The 2019 #BalanceforBetter campaign runs all year long. It doesn’t end on International Women’s Day.
The campaign theme provides a unified direction to guide and galvanize continuous collective action, with #BalanceforBetter activity reinforced and amplified all year.
Balance drives a better working world. Let’s all help create a #BalanceforBetter
How does one create a gender-balanced world?
Balance is not a women’s issue, it’s a business issue. The race is on for the gender-balanced boardroom, a gender-balanced government, gender-balanced media coverage, a gender-balance of employees, more gender-balance in wealth, gender-balanced sports coverage …
Gender balance is essential for economies and communities to thrive.
The average gender gap in ASEAN labor force is at 19 percent which reflects a gap in labor force participation “between man and women as well as inadequate and unequal access of women to economic opportunities and work conditions favorable to woman.”
Fewer women than men are present in the ASEAN labor market. It will take many years before balance is achieved even in our ASEAN region. These challenges have to be hurdled first. Some of these challenges are as follows:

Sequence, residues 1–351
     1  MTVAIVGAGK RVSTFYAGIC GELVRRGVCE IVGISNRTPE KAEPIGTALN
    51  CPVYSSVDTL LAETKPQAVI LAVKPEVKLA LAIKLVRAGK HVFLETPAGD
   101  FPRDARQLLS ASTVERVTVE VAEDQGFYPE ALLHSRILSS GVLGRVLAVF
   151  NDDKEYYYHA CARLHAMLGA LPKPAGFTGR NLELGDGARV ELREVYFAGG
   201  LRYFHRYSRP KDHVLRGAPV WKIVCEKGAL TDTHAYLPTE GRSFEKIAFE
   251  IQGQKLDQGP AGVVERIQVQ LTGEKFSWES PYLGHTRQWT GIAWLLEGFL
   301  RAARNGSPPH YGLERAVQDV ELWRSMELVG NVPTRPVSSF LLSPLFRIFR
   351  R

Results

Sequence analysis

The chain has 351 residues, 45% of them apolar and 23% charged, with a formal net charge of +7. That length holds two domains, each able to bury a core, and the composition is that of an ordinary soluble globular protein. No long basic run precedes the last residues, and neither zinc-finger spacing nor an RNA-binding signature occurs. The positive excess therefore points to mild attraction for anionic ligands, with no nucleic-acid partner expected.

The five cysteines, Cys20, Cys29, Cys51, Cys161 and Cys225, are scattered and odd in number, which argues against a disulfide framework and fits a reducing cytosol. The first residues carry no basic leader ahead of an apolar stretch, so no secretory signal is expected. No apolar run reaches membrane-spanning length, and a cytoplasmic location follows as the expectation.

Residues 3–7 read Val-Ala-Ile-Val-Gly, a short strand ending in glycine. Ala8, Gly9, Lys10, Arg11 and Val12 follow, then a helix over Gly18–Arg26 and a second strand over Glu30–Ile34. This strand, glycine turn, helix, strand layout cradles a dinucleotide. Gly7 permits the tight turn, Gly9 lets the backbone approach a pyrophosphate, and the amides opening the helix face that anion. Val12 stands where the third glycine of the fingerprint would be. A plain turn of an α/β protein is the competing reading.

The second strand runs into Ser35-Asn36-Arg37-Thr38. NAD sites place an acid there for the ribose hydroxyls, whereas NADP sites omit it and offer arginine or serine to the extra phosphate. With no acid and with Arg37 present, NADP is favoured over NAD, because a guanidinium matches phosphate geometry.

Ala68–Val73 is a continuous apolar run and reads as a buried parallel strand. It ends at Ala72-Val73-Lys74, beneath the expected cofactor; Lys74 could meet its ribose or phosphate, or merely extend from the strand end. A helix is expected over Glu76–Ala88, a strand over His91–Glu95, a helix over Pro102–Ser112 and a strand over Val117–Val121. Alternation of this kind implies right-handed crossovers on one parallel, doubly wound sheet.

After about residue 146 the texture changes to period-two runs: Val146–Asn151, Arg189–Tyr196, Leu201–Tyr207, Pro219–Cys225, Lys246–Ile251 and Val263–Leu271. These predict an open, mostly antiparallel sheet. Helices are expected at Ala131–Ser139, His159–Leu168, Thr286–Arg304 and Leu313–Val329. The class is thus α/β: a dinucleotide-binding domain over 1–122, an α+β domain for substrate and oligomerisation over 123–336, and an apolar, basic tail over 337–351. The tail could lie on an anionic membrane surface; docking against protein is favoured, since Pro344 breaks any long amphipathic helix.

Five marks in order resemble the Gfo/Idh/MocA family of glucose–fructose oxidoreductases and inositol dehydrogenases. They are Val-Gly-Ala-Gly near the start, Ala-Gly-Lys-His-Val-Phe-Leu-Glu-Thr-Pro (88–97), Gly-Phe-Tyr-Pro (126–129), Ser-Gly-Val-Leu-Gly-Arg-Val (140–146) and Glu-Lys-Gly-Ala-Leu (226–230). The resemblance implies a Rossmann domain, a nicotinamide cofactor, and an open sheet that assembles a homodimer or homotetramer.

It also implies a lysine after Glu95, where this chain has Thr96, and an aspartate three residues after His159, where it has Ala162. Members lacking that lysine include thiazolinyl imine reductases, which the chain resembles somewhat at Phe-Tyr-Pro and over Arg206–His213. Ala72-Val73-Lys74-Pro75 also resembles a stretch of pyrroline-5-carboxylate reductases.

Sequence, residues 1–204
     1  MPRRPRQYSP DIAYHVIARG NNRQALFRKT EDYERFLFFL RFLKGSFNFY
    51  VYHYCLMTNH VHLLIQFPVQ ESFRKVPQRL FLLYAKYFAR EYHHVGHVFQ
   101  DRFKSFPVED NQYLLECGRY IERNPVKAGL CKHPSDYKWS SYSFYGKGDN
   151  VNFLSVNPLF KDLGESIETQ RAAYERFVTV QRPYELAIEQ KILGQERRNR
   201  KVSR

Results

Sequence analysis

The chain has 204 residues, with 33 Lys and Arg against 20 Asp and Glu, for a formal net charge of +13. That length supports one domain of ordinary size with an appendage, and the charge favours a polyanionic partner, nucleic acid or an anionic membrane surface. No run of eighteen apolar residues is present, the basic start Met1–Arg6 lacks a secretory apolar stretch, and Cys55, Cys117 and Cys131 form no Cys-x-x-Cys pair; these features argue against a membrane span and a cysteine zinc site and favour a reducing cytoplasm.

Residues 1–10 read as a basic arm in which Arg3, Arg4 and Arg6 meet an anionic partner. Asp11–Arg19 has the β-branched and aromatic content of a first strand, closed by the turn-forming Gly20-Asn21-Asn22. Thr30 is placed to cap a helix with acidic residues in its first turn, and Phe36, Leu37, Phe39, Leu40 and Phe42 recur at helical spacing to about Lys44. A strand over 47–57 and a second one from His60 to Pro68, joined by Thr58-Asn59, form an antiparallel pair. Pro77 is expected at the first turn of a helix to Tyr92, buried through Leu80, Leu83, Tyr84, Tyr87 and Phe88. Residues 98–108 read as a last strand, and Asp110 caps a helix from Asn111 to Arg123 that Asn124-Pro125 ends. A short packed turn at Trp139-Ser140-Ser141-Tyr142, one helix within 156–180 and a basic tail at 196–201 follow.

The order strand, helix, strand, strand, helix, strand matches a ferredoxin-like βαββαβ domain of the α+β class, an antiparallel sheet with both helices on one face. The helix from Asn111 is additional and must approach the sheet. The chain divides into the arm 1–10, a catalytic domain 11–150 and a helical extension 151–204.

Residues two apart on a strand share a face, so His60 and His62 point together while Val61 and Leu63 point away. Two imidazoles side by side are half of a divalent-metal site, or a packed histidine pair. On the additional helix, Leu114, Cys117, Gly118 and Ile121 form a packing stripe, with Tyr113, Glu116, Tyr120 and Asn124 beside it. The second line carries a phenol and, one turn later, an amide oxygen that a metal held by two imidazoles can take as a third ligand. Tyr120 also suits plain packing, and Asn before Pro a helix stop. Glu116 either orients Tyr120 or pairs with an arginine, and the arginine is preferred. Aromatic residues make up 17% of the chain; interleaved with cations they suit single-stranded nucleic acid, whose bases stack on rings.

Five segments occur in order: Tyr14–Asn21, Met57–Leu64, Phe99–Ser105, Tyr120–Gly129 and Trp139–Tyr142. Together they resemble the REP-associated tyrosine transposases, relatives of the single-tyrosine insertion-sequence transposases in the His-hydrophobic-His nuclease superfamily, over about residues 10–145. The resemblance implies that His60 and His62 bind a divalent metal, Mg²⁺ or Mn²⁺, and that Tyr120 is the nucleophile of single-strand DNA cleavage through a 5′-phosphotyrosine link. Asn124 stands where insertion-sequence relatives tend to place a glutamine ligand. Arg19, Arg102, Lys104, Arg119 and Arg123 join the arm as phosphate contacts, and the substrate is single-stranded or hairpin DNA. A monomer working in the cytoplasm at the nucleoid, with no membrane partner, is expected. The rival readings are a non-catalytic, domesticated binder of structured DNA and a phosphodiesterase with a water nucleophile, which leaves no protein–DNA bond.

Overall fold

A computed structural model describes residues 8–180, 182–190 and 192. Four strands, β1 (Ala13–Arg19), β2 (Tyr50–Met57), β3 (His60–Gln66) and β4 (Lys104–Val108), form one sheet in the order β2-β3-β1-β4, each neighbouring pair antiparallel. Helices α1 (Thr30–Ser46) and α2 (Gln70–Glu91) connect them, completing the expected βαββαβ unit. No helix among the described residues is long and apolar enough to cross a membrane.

1.The female labour force participation rate is persistently lower across all ASEAN countries.
2. Persistent gender skill gap and gender wage gap. More women are employed in lower skilled and lower paying jobs than men, resulting in a persistent and high gender wage gap
3. The majority of women are employed in vulnerable jobs with limited access to benefits and social protection.
4. Gender gaps in education have been declining but educational attainment of women continues to lag behind that of men.
5. Large numbers of highly-educated women remain unemployed.
6. Continued presence of gender discriminatory customary laws in certain ASEAN countries. All ASEAN countries provide constitutional equality between men and women.
7. Limited effectiveness of gender mainstreaming.
8. Due to cultural norms women are disadvantaged in acquiring land and assets and this is mirrored in discriminatory laws.
9. Women contribute substantially to economic welfare through large amounts of unpaid work, such as child-rearing and household tasks, which often remains unseen and unaccounted for in national income
10. Lack of clarity in key labour laws relating to equal remuneration, discrimination and maternity benefits contributes to women’s relative weaker position in the labour market.
While these challenges are work in action, I can do my part in helping close the digital divide between the digitally skilled and unskilled women. There are many opportunities for women in technology. The ASEAN ICT Masterplan of 2020 , ” brings ASEAN towards a digitally enabled economy and women should prepare themselves with the knowledge to work at home.